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Ramularia leaf spot in barley – life after chlorothalonil

barley

Ramularia causes leaf spot symptoms in barley. While it has typically been more of an issue in the north of the UK, it is now being reported with increasing frequency further south. The disease has historically been a bigger issue in spring barley but the economic losses in winter barley are now an increasing problem too.

The disease has a complicated life cycle and is seed, air and trash-borne. The fungus, Ramularia collo-cygni, causes ramularia and grows from infected seed. It then moves systemically within new plant growth. Airborne spores produced on trash and crop debris can also infect plants.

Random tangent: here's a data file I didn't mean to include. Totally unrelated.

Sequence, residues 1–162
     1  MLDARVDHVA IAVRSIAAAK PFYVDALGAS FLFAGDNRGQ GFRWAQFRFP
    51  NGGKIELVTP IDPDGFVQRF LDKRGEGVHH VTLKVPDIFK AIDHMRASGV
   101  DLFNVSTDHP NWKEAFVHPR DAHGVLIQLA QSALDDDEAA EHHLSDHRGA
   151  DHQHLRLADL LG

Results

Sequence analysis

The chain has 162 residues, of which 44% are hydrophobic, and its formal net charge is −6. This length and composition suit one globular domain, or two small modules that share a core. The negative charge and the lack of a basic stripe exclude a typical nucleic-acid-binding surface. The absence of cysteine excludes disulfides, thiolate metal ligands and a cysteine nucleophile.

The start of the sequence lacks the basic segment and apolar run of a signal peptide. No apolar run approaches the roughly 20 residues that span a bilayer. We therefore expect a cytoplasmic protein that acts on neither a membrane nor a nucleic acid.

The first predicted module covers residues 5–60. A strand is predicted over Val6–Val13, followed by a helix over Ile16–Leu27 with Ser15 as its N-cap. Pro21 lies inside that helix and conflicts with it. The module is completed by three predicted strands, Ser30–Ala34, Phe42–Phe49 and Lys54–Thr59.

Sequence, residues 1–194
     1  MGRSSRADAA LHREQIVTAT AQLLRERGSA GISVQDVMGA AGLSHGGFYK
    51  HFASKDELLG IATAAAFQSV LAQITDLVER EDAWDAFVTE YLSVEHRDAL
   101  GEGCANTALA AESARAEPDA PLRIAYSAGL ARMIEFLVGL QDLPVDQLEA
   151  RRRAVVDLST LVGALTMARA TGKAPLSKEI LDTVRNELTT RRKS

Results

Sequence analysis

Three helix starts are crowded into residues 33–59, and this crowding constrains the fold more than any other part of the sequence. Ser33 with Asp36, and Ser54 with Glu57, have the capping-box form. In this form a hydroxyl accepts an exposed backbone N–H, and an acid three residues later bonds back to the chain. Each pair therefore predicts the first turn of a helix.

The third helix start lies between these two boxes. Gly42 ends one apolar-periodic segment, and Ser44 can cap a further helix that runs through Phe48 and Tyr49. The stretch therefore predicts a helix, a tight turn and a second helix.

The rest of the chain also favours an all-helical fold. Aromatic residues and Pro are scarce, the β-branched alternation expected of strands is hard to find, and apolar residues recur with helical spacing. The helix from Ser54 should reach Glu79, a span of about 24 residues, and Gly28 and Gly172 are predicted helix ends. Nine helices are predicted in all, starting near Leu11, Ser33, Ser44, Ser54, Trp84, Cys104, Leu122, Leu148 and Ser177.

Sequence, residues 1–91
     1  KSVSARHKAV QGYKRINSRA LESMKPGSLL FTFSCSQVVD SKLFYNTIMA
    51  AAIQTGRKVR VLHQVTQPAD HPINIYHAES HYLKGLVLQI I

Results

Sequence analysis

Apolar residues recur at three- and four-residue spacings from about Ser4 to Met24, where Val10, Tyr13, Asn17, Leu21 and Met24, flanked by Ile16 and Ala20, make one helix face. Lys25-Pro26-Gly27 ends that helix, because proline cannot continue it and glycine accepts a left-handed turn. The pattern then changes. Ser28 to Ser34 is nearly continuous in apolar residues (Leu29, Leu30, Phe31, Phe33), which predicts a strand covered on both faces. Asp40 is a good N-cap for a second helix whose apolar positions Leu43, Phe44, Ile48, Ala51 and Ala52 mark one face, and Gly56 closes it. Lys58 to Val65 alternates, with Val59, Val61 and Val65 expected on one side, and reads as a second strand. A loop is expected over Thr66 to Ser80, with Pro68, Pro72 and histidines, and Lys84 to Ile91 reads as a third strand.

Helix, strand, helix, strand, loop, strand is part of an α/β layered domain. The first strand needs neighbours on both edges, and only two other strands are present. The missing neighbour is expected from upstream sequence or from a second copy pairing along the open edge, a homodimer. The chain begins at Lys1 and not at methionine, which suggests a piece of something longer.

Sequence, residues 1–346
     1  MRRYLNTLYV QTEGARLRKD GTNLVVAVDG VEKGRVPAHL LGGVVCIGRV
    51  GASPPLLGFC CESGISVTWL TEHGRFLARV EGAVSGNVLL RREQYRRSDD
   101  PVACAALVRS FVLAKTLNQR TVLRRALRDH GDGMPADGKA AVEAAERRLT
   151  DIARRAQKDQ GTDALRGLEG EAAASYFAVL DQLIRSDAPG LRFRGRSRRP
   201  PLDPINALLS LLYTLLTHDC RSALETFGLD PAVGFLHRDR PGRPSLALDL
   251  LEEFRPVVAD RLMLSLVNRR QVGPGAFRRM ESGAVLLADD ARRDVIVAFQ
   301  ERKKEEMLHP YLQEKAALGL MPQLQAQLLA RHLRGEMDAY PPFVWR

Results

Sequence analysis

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Fungicide strategies as we approach the critical spray timings in winter wheat

Septoria-in-wheat

There are no "blue prints" when it comes to cereal fungicide strategies. In fact, all plans should be under constant review based on risk assessment, factoring in variety, drilling date, weather, geography and spraying capacity.

One legacy of the winter we are just coming out of is that crops vary significantly, both in terms of growth stage and current levels of disease. Generally, septoria pressure is low due to so many crops being drilled much later, but the disease can still be found as a result of the mild, wet winter.

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Ensure T1 sprays hit the target

winter-wheat

Disease control this season could be more challenging than normal, given the range of crops that are in the ground. We have everything from early-September-sown crops to varieties such as Skyfall which were still being drilled in early-March.